CAIRO: After more than a year of hardship, food vendors around Cairo are just now beginning to breath a sigh of relief as they see sky-high food prices receding.
Many warn, though, that the effects on the street level have not been as dramatic as statistics may suggest.
A survey of vendors in different sectors indicated that food prices had come off their high but were still in bad considering the broader context of food prices.
Mahmoud Abdel Hadd runs a fruit and vegetable shop. Just a couple of months ago, he was driven to the point of desperation because produce prices at the Obour market, one of Cairo’s largest, had grown nearly out of reach for the small business owner.
“A couple of months ago, prices were high so I couldn’t buy the goods I needed, he said.
Abdel Hadd said that at their highest, produce prices meant that people weren’t buying. Business came nearly to a standstill.
Today, though, some of the pressure has been released, he said. Cucumber and zucchini prices are down significantly. Fruit prices have started to slide. Tomatoes cost today LE 2.5 per kilo as opposed to LE 4 several months ago. And now the customers are coming back.
“Everything was reaching a peak [late last year], including tomatoes and potatoes which are usually the cheapest, but now prices are coming down a bit, he said.
But, as Abdel Hadd describes it, the current economic crisis has given consumers a whole other reason to save, rather than spend. Low prices, he lamented, have been replaced by consumer worry.
Abdel Hadd has the numbers to back up his assertions about the recent decline of food prices.
Chatham House, a London-based think tank, in its December report “Feeding the Nine Billion, noted that global food prices actually hit a high in March 2008 but didn’t begin declining until the fall.
Food prices in December, says the report, are back down to mid-2007 levels thanks in part to the decline in the price of oil and to the global economic woes.
Despite the decline in prices, most vendors who spoke with Daily News Egypt indicated that prices had been falling, in some cases sharply, but beginning really only with the start of the new year.
“Throughout the country, said Metro supermarket branch manager Wael Nabil, “prices have been coming down in the last month.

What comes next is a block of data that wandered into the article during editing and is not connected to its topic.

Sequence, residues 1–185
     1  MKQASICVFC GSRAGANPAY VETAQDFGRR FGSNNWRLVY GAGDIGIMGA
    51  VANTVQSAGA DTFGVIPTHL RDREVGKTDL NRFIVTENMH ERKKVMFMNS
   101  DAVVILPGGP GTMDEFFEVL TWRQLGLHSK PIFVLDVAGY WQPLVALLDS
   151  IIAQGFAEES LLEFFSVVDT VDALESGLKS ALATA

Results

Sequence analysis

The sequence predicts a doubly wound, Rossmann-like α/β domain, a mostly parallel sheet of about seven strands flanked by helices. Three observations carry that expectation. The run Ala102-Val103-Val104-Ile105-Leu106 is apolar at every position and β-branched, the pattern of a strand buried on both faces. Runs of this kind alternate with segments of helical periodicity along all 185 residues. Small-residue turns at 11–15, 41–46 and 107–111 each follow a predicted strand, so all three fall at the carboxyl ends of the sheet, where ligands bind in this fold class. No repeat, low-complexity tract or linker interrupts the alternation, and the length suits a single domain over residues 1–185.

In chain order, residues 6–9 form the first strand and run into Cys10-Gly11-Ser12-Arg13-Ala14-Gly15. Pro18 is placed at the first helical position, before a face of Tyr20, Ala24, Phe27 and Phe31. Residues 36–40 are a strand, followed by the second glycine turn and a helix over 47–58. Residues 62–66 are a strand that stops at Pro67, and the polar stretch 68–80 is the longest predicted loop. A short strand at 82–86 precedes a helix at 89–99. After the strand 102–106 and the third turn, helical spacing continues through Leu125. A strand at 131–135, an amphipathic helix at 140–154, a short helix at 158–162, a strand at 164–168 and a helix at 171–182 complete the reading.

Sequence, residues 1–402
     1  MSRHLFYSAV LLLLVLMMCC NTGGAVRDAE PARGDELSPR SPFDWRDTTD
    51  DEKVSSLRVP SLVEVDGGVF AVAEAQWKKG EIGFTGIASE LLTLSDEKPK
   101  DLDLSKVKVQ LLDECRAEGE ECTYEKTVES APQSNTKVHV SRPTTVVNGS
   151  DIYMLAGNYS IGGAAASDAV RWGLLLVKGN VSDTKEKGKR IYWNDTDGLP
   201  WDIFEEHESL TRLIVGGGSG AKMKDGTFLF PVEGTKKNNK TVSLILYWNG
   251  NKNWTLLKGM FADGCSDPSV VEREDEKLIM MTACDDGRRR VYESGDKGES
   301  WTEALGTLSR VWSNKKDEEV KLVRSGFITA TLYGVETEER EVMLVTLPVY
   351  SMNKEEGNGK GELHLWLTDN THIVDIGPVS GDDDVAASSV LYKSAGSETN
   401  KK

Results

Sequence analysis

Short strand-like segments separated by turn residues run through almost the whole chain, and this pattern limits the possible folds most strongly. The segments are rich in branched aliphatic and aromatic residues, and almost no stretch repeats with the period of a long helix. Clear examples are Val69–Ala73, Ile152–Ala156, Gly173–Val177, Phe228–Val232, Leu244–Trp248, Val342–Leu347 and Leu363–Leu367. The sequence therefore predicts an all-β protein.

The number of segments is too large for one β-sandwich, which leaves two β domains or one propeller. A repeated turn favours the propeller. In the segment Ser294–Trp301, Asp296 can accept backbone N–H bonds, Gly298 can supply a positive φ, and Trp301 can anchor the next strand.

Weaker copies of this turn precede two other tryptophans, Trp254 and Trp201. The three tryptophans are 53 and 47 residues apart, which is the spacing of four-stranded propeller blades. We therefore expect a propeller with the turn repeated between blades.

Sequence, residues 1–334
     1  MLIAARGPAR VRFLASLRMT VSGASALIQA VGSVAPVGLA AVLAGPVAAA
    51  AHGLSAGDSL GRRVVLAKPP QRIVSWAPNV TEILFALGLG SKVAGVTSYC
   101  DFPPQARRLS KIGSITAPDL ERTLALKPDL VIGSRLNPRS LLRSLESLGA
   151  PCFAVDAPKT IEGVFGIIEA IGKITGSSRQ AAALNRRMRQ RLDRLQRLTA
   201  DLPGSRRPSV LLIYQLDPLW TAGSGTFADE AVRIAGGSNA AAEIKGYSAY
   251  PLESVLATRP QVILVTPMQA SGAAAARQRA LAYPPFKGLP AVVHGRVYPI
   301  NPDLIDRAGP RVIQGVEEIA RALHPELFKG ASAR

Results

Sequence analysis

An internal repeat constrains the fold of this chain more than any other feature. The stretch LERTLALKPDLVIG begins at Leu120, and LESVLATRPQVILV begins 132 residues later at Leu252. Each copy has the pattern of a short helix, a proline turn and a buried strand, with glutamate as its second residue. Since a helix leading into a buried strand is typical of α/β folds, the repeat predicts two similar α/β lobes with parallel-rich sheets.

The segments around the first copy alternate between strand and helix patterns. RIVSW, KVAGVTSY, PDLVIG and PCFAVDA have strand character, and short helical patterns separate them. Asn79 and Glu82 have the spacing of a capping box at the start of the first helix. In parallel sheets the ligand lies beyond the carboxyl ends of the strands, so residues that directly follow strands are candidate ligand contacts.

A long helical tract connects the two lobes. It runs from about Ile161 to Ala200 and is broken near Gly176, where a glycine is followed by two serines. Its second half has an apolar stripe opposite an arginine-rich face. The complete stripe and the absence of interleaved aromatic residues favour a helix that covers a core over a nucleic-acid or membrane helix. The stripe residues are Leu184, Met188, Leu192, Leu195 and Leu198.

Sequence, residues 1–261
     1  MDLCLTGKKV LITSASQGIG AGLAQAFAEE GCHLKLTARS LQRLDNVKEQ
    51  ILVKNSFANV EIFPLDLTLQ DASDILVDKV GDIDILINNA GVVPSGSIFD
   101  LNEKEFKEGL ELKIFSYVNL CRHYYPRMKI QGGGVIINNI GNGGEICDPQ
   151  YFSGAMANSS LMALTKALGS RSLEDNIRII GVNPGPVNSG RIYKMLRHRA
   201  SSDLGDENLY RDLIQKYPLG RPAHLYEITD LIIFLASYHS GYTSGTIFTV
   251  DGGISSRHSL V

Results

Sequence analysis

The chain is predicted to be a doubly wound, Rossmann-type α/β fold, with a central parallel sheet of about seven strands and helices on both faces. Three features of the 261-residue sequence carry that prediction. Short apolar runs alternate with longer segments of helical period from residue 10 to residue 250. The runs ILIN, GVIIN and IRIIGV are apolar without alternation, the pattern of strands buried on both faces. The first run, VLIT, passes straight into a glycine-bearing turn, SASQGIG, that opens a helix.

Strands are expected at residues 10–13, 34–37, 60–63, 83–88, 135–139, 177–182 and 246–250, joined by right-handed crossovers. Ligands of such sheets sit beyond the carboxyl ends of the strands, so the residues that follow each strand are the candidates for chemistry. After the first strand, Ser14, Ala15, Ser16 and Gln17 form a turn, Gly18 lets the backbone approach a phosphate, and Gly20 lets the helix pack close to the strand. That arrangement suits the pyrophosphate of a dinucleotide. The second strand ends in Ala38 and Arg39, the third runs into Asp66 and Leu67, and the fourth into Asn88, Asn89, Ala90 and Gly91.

Metro sets its prices at the corporate level and employees confirm that many items, including produce and cooking oil, have slid dramatically from their highs over the last month.
Increased sales of certain food items, argue some store owners, indicate food prices that, though off their high, are still out of reach of many at the street level.
Hany Hassan owns a bakery that, as it was yesterday, is always jammed with people. When asked whether this was a sign that food prices were coming back into reach for many people, Hassan dismissed the idea.
“People will always buy bread, he said, adding that bread sales can be among at their best when other foods become too expensive.
Hagg Sayid, who runs a falafel store, said that his fuul has never sold better.
He noted that fuul served as a low-end food staple, affordable to nearly all ranks of the population.
Hassan noted that despite his bakery’s success, his neighboring convenience store had fared less well despite declining food prices.
When asked whether the sliding prices had allowed him to reconstitute any of his business, Hassan tried to put them in broader context. He noted that a liter of milk cost LE 5.5 now as opposed to LE 2.5 four years ago. Oil cost LE 4.5 four years ago and LE 10 now.
Despite the less than optimistic commentary at the street level, many indicators are pointing in the right direction. When figures are released experts expect January to mark the fifth straight month of inflationary decrease.
Urban inflation fell to 18.3 percent in December of last year, down from 20.3 percent the previous month.
A decrease in inflation, in this case, is likely not a driver of food prices but rather reflective of a decline in those prices.
Food prices will likely face a challenge this month when, experts predict, the Central Bank will cut interest rates in an effort to stimulate the ailing economy. If overdone, rate decreases might create inflationary pressure and threaten food prices.
Overshadowing all the pressures on food prices is the government’s food subsidy program, which is the single greatest mover of food prices.
With the outbreak of the economic crisis, the government postponed plans to scale back its subsidies and to date has not indicated when it will resume them. Those watching the various food industries should keep an eye on the government’s subsidy plans.
Though the indicators have been there for months, it is only recently that the street level is reporting a bit of relief from the grueling food prices of 2008.
And though prices may be off their all time high, many are quick to comment about how far they might still be able to fall.